6 It is imperative, in these circumstances, to run a western blot in non-denaturing conditions, and this will be noted on the datasheet in the applications section. In general, a non-denaturing condition simply means leaving SDS out of the sample and migration buffers and not heating the samples. Certain antibodies only recognize protein in its non-reduced form i.e. in an oxidized form (particularly on cysteine residues) and the reducing agents ß-mercaptoethanol and DTT must be left out of the loading buffer and migration buffer (non-reducing conditions). Protein state Gel condition Loading buffer Migration buffer Reduced Reducing & With β- With SDS denatured denaturing mercaptoethanol or Reduced native Oxidized denatured Oxidized native Reducing & nondenaturing Non-reducing & denaturing Non-reducing & native DTT, with SDS With β- mercaptoethanol or DTT, no SDS No β- mercaptoethanol or DTT, with SDS No β- mercaptoethanol or DTT, no SDS No SDS With SDS No SDS Rule of thumb: Reduce and denature unless the datasheet specifies otherwise. B. Electrophoresis Electrophoresis can be one dimensional (i.e. one plane of separation) or two dimensional. One dimensional electrophoresis is used for most routine protein and nucleic acid separations. Two dimensional separation of proteins is used for finger-printing, and when properly constructed can be extremely accurate in resolving all of the proteins present within a sample. Here we will be describing techniques for one dimensional electrophoresis. We recommend Gel Electrophoresis of Proteins: A Practical Approach (3 rd Edition, B.D. Hames and D. Rickwood, The Practical Approach Series, Oxford University Press, 1998) as a reference for basic understanding of 2D electrophoresis protocols. 1. Preparation of PAGE gels When separated on a polyacrylamide gel, the procedure is abbreviated as SDS-PAGE (Sodium Dodecyl Sulfate PolyAcrylamide Gel Electrophoresis). The technique is a standard means for separating proteins according to their molecular weight. Polyacrylamide gels are formed from the polymerization of two compounds, acrylasmide and N, N- methylenebisacrylamide (Bis for short). Bis is a cross-linking agent for the gels. The polymerization is initiated by the addition of ammonium persulfate along with either DMAP or TEMED. The gels are neutral, hydrophilic, three-dimensional networks of long hydrocarbons cross-linked by methylene groups. The separation of molecules within a gel is determined by the relative size of the pores formed within the gel. The pore size of a gel is determined by two factors: the total amount of acrylamide present (designated as %T) and the amount of cross-linker (%C). As the total amount of acrylamide increases, the pore size decreases. With cross-linking, 5%C gives the smallest pore size. Any increase or decrease in %C increases the pore size. Gels are designated as percent solutions and will have two necessary parameters. The total acrylamide is given as a percentage (w/v) of the acrylamide plus the bis-acrylamide. Thus, a 7.5%T would indicate that there is a total of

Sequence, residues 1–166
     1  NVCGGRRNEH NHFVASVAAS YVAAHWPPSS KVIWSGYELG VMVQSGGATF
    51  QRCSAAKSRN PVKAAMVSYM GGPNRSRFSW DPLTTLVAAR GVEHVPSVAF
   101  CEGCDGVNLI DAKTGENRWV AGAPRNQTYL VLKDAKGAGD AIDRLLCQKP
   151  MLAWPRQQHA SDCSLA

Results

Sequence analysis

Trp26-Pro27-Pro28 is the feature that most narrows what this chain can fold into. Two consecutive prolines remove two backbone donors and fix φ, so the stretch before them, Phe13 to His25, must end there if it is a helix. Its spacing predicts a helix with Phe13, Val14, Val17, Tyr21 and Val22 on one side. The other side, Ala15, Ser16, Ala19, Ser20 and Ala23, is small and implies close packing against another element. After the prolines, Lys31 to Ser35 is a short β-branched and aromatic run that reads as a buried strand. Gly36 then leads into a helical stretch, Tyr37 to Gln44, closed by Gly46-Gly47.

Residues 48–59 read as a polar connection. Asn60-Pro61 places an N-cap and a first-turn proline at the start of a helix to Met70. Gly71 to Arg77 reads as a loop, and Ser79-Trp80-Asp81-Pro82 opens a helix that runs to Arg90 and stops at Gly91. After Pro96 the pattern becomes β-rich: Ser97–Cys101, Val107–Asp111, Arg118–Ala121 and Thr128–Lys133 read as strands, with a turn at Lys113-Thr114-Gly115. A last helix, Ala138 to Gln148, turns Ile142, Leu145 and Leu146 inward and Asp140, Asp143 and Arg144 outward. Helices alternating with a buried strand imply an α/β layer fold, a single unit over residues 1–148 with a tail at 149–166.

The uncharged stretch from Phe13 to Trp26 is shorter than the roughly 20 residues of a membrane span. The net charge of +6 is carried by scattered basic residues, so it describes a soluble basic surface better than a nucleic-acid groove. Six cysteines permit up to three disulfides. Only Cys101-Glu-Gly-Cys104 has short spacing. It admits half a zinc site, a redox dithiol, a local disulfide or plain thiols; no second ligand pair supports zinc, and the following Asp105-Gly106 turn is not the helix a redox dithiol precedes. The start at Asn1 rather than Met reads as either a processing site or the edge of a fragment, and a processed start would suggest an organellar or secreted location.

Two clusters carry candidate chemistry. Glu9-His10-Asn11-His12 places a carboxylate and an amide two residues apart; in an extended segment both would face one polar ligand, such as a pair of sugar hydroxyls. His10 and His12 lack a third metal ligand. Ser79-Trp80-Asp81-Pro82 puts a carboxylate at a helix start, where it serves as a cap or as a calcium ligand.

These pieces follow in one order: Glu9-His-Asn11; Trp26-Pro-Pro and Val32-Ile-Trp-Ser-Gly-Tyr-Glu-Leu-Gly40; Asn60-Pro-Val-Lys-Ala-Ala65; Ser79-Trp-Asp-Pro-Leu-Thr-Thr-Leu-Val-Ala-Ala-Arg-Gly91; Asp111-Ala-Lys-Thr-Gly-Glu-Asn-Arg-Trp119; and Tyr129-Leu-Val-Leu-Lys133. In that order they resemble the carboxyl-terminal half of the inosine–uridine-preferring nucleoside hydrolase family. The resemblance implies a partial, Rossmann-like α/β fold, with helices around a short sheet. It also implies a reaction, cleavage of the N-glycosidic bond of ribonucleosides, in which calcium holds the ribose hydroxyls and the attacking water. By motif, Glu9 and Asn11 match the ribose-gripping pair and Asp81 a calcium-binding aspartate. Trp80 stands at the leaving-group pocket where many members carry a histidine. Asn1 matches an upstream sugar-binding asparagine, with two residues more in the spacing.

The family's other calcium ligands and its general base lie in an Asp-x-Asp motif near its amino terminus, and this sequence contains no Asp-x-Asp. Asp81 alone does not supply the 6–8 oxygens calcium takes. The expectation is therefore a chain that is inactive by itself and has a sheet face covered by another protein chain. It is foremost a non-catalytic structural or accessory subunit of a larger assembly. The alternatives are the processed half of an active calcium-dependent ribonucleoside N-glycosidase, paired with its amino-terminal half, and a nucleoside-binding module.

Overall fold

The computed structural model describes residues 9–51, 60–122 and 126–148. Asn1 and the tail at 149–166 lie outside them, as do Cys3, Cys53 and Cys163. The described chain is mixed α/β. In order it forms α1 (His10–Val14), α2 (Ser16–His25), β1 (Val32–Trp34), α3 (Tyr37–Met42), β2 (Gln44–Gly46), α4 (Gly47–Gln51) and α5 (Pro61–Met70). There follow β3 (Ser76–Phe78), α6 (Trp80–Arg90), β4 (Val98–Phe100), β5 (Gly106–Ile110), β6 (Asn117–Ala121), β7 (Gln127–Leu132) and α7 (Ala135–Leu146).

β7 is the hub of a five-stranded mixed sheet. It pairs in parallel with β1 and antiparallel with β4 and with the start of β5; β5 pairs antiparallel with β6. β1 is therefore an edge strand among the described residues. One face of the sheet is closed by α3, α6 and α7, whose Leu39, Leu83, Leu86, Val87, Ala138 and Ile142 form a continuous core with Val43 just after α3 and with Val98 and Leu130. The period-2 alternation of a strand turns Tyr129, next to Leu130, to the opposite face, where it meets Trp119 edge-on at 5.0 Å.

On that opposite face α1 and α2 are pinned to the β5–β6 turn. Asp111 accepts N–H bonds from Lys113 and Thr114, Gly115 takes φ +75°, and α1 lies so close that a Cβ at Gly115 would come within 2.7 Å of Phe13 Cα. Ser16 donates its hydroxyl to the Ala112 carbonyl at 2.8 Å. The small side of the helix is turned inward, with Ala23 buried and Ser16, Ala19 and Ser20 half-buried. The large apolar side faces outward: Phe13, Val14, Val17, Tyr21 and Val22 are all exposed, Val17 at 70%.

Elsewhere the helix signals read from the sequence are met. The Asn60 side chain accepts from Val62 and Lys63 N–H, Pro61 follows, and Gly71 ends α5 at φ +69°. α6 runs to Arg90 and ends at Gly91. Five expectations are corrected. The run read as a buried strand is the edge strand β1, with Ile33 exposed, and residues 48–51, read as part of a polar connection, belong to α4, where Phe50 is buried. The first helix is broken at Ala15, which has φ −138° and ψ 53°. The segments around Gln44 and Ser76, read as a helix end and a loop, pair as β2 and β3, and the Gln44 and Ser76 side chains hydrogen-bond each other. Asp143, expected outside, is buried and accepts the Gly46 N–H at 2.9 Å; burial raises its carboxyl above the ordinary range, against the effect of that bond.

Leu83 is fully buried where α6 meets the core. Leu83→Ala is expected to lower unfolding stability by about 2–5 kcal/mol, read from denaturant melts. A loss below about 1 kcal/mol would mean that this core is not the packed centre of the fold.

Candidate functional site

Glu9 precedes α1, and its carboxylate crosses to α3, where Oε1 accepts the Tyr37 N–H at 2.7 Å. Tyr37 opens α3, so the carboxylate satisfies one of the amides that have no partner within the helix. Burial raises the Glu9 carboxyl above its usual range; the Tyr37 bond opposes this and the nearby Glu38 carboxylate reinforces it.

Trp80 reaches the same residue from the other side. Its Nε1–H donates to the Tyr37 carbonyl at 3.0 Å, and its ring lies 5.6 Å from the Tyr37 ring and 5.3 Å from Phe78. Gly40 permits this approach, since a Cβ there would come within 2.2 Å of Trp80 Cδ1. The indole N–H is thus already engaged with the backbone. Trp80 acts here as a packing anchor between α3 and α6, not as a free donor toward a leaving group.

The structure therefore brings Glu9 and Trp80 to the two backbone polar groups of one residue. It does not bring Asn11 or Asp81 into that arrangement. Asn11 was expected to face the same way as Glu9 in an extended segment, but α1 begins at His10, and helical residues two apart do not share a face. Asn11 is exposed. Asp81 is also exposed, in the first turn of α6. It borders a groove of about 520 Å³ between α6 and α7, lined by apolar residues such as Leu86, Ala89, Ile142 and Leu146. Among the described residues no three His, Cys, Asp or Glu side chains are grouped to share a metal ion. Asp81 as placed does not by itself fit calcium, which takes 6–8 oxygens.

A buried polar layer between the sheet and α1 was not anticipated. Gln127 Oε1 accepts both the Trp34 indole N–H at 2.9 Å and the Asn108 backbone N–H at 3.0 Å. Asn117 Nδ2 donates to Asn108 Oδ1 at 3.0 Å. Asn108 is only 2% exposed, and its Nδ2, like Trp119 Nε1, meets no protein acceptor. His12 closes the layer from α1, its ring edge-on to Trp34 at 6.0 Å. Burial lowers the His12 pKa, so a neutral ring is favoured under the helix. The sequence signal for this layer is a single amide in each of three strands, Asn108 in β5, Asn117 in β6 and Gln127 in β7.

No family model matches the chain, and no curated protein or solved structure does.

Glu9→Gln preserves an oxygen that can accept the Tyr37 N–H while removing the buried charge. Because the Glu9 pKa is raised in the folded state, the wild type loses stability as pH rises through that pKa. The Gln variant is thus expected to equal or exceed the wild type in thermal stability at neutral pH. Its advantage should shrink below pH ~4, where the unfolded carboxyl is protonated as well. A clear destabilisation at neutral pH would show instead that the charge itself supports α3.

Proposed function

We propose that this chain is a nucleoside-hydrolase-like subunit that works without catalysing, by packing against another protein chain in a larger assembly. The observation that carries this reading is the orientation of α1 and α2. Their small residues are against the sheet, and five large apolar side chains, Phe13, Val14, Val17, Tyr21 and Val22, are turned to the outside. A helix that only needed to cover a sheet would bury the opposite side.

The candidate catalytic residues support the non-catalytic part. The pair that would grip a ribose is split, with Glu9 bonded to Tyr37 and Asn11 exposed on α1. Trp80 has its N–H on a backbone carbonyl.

7 7.5 g of acrylamide and bis per 100 ml of gel. A gel designated as 7.5%T:5%C would have a total of 7.5% (w/v) acrylamide + bis, and the bis would be 5% of the total (with pure acrylamide composing the remaining 2.5%). Gels can be purchased ready-made or produced in the laboratory (recipes can be found in laboratory handbooks). The Abcam laboratory uses gels from our Optiblot range. Either way, choose carefully the percentage of you gel as this will determine the rate of migration and degree of separation between proteins. Rule of thumb: The smaller the size of the protein of interest, the higher the percentage of mono/bis. The bigger the size of the protein of interest, the lower the percentage of mono/bis. Protein size (kda) Gel percentage (%) Acrylamide is a potent cumulative neurotoxin: wear gloves at all times. Place gels in the electrophoresis tank as instructed by the manufacturer and bathe in migration buffer. 2. Positive controls Positive control lysate is used to demonstrate that the protocol is efficient and correct and that the antibody recognizes the target protein which may not be present in the experimental samples. We strongly recommend the use of a positive control lysate when setting up a new experiment; this will give you immediate confidence in the protocol. 3. Molecular weight markers A range of molecular weight markers will enable the determination of the protein size (see below) and also to monitor the progress of an electrophoretic run. A range of MW markers are commercially available. Molecular Weight Marker (ab48854) Prism Protein Ladder ( kda) (ab115832) Prism Ultra Protein Ladder ( kda) (ab116027) Prism Ultra Protein Ladder ( kda) (ab116028) Prism Ultra Protein Ladder ( kda) (ab116029) 4. Loading samples and running the gel Use special gel loading tips or a micro-syringe to load the complete sample in a narrow well. Take care not to poke the well bottom with the tip as this will create a distorted band. Never overfill wells. This could lead to poor data if samples spill into adjacent wells, and poorly resolved bands. Load µg total protein per mini-gel well. The gels will be submerged in migration buffer which normally contains SDS, except in native gel electrophoresis.